The Full Wiki

Sonny Rollins: Wikis

  
  
  

Note: Many of our articles have direct quotes from sources you can cite, within the Wikipedia article! This article doesn't yet, but we're working on it! See more info or our list of citable articles.

Encyclopedia

From Wikipedia, the free encyclopedia

Sonny Rollins

Background information
Birth name Theodore Walter Rollins
Also known as Newk
Born September 7, 1930 (1930-09-07) (age 79)
Origin New York, New York, United States
Genres Jazz
Occupations Saxophonist
Instruments Tenor saxophone, soprano saxophone
Labels Prestige, Blue Note, Contemporary, RCA Victor, Impulse!, Milestone
Associated acts Jackie McLean, Max Roach, Clifford Brown, Miles Davis, Thelonious Monk

Theodore Walter "Sonny" Rollins (born September 7, 1930 in New York City)[1] is a Grammy-winning American jazz tenor saxophonist. Widely recognized as one of the most important and influential jazz musicians of the post-bebop era, Rollins' long, prolific career began at the age of 11, and he was playing with piano legend Thelonious Monk before reaching the age of 20. A number of his compositions, including "St. Thomas", "Oleo", "Doxy", and "Airegin", have become jazz standards.[1]

As of 2009, Rollins is still touring and recording, having outlived most of his contemporaries such as John Coltrane, Miles Davis, Max Roach, and Art Blakey, all performers with whom he recorded. Rollins was elected to the Down Beat Jazz Hall of Fame in 1973.

Contents

Biography

Early life and career

While Rollins was born in New York City, his parents were born in the United States Virgin Islands.[2] Rollins received his first saxophone at age 13.[3][4]

Rollins started as a pianist, changed to alto saxophone, and finally switched to tenor in 1946. During his high-school years, he played in a band with other future jazz legends Jackie McLean and Kenny Drew. He was first recorded in 1949 with Babs Gonzales – in the same year he recorded with J. J. Johnson and Bud Powell. In his recordings through 1954, he played with performers such as Miles Davis, Charlie Parker and Thelonious Monk.[5]

In 1950, Rollins was arrested for armed robbery and given a sentence of three years. He spent 10 months in Rikers Island jail before he was released on parole. In 1952 he was arrested for violating the terms of his parole by using heroin. Rollins was assigned to the Federal Medical Center, Lexington, at the time the only assistance in the U.S. for drug addicts. While there he was a volunteer for then-experimental methadone therapy and was able to break his heroin habit. Rollins himself initially feared sobriety would impair his musicianship, but then went on to greater success.

As a saxophonist he had initially been attracted to the jump and R&B sounds of performers like Louis Jordan, but soon became drawn into the mainstream tenor saxophone tradition. Joachim Berendt has described this tradition as sitting between the two poles of the strong sonority of Coleman Hawkins and the light flexible phrasing of Lester Young, which did so much to inspire the fleet improvisation of be-bop in the 1950s.[6] Rollins drew the two threads together as a fluid post-bop improviser with a sound as strong and resonant as any since Hawkins himself.[1]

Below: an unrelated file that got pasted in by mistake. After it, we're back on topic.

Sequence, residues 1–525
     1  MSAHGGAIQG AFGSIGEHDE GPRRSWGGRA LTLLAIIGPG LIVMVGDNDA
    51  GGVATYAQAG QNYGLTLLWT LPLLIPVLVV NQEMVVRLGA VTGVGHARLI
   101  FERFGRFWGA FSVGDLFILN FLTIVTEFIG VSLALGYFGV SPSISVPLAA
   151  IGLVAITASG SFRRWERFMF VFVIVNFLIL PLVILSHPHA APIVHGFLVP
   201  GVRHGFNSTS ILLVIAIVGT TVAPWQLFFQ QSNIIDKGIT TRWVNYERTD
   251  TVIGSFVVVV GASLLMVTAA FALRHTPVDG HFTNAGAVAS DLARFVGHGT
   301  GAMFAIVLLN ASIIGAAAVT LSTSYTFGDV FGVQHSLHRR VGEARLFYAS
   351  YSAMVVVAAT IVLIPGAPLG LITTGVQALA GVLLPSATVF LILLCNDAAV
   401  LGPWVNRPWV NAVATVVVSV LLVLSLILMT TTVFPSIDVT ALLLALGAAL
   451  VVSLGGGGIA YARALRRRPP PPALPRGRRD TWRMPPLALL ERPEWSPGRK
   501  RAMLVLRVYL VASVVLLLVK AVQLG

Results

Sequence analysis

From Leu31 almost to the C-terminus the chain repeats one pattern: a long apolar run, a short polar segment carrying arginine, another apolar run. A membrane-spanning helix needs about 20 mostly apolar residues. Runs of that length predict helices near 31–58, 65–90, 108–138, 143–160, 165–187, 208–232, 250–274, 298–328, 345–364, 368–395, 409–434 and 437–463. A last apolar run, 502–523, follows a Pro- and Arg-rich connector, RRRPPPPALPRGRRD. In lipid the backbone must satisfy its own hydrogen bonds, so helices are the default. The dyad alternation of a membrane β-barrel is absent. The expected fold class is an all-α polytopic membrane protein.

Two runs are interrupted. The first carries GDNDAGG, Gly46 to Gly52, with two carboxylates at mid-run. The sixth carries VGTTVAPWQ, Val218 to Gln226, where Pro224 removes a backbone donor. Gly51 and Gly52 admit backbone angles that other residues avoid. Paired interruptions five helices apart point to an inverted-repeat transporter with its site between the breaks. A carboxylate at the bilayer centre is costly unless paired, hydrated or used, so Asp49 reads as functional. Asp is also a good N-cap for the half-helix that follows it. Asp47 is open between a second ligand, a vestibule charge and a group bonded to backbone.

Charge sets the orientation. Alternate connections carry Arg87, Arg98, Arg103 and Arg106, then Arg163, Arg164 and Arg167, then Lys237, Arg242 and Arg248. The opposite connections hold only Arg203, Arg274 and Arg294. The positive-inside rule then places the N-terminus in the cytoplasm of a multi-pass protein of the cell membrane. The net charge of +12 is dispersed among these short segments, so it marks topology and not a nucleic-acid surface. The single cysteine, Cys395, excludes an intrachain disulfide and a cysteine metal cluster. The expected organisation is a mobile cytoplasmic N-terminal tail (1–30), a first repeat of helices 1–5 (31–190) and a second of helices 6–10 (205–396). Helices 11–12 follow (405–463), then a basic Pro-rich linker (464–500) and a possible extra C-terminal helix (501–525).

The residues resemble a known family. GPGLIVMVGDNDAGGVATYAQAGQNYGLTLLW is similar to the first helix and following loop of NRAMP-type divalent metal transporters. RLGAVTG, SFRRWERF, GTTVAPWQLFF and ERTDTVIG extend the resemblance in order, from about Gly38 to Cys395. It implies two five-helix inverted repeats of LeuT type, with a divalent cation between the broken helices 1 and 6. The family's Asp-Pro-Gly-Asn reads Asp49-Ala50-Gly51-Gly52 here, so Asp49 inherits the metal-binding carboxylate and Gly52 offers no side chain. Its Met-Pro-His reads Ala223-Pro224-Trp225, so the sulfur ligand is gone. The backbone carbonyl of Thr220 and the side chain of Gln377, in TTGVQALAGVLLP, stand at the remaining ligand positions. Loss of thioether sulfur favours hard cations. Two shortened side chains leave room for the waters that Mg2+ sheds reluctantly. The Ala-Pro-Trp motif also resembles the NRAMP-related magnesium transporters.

Rollins began to make a name for himself as he recorded with the Modern Jazz Quartet and with Miles Davis in 1951, recording his composition "Oleo" among others. In 1953 and 1954 he worked with Thelonious Monk, recording Thelonious Monk and Sonny Rollins, which includes "I Want to Be Happy" and "Friday the 13th". Rollins then joined the Clifford BrownMax Roach quintet in 1955 (recordings made by this group have been released as Sonny Rollins Plus 4 and Clifford Brown and Max Roach at Basin Street; Rollins also plays on half of More Study in Brown), and after Brown's death in 1956 worked mainly as a leader. By this time he had begun his career with Prestige Records, which released many of his best-known albums, although at the height of his career in the 1950s Rollins was also recording regularly for Blue Note, Riverside and the Los Angeles label Contemporary.

Saxophone Colossus

SonnyRollins.jpg

His widely acclaimed album Saxophone Colossus was recorded on June 22, 1956 at Rudy Van Gelder's studio in New Jersey, with Tommy Flanagan on piano, former Jazz Messengers bassist Doug Watkins and his favorite drummer Max Roach. This was Rollins' sixth recording as a leader and it included his best-known composition "St. Thomas", a Caribbean calypso based on a tune sung to him by his mother in his childhood, as well as the fast bebop number "Strode Rode", and "Moritat" (the Kurt Weill composition also known as "Mack the Knife").[1]

In 1956 he also recorded Tenor Madness, using Miles Davis' group – pianist Red Garland, bassist Paul Chambers, and drummer Philly Joe Jones. The title track is the only recording of Rollins with John Coltrane, who was also in Davis' group.[1]

At the end of the year Rollins recorded a set for Blue Note with Donald Byrd on trumpet, Wynton Kelly on piano, Gene Ramey on bass, and Rollins' long-term collaborator Max Roach on drums. This has been released as Sonny Rollins Volume One (the superstar session Volume Two recorded the following year has consistently outsold it).

The piano-less trio